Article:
The Jefferson County Board of Education authorized the creation of the James Academy in August 2019. It opened a year later, two years after the opening of Jefferson County’s all-male W.E.B. DuBois Academy. The James Academy is open to all rising 6th-grade female students in Jefferson County, but its inaugural class is predominantly Black and the school has a deliberate Afrocentric focus.
The school is named for Dr. Grace Marilynn James, the first Black female medical doctor to join the University of Louisville School of Medicine faculty and the first Black female member of the Jefferson County Medical Society. It shares space in the DuValle Education Center – a former junior high school – with three other programs, including Carter Elementary, Cosby said.
James Academy received more than 400 applications for its first year, Cosby said.
“Next year we’ll accept 150 more for our 6th-grade class coming in,” she said.
Leading a Trend
The James and DuBois academies exemplify a major national trend and can serve as models for other Kentucky schools, said Thomas Woods-Tucker, who in October 2020 became KDE’s first chief equity officer and deputy commissioner in the Office of Teaching and Learning.
“These single-gender academies, and academies that are drawing a certain majority ethnic population like African-American boys, have had an explosion,” he said.
Since 2014, 850 new single-gender academies have opened across the country, part of a 25-fold increase in the past decade, Tucker said.
Every Kentucky student is guaranteed a free appropriate public education, but students from particular ethnic or socioeconomic backgrounds have needs that have to be addressed, he said.
“We haven’t done the best jobs of meeting the needs of those students or meeting the needs of students with unique learning needs, students with IEPs or autism,” Tucker said.
He said that while the James Academy is open to all ethnicities, its Afrocentric curriculum ensures that young girls of color have the same opportunities to excel as students in more traditional settings.
It reminds Tucker of his own time at Philander Smith College, a historically Black college or university (HBCU) in Little Rock, Ark. He said the mission of HBCUs mirrors that of JCPS’s all-female STEAM academy, which is addressing the unmet needs of underserved students – whether that means members of a marginalized ethnic group, a specific gender or students from underprivileged backgrounds.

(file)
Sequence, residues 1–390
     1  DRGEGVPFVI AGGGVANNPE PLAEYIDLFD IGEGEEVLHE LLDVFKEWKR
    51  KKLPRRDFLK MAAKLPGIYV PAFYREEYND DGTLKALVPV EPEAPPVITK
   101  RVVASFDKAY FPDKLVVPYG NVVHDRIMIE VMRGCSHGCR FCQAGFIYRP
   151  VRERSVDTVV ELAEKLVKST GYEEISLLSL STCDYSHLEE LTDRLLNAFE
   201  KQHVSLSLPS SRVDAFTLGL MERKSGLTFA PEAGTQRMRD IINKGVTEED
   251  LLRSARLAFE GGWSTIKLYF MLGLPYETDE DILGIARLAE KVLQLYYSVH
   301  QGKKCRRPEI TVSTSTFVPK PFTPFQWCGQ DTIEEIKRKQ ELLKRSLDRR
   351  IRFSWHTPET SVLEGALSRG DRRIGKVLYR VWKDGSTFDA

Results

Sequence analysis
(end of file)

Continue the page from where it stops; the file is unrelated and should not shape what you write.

Whether single-gender or coeducational, such schools tend to have smaller class sizes and a lower student/teacher ratio.
Single-gender education provides a feeling of safety and allows for the development of mentoring, allowing students to take risks without ostracism, Woods-Tucker said. There is a strong emphasis on building relationships, which creates a sense of belonging.
“Students who thrive in these single-gender schools feel like they’re with ‘their people,’” he said. “What they’re really saying is, ‘I belong here, I am comfortable.’”
When Tucker was a superintendent in Ohio in 2014, he looked at the number of girls vs. boys taking AP classes in his district. In higher grades, fewer girls enrolled in advanced classes.
“One of the things they said over and over was … that they didn’t feel comfortable being risk-takers,” he said.
Using a technology grant, his district developed technology and AP classes for girls only.
“And what we saw over a three-year period was really phenomenal in terms of the number of girls enrolling in these classes,” Tucker said.
The James Academy’s admission period for the following school year opens at the end of October and usually runs until the second week of December, Frazier-Goatley said.
Admission is by application, with a recommendation from a current teacher or community leader, and a “performance task” – a two-minute video on how the applicant fits the school’s values.
Students have to first apply with JCPS’s magnet school department, Frazier-Goatley said.
“We also look at their previous attendance,” Cosby said. Illnesses and deaths in the family don’t count against them, but otherwise student attendance needs to be consistent, she said.
Although COVID-19 has ruled out reliance on this year’s assessment scores, in general multiple assessment scores will be considered, Cosby said.
“Grades are very, very subjective, so we don’t put a lot of emphasis on that,” she said. Disciplinary records also are a factor, but those can be as biased as grades, Cosby said.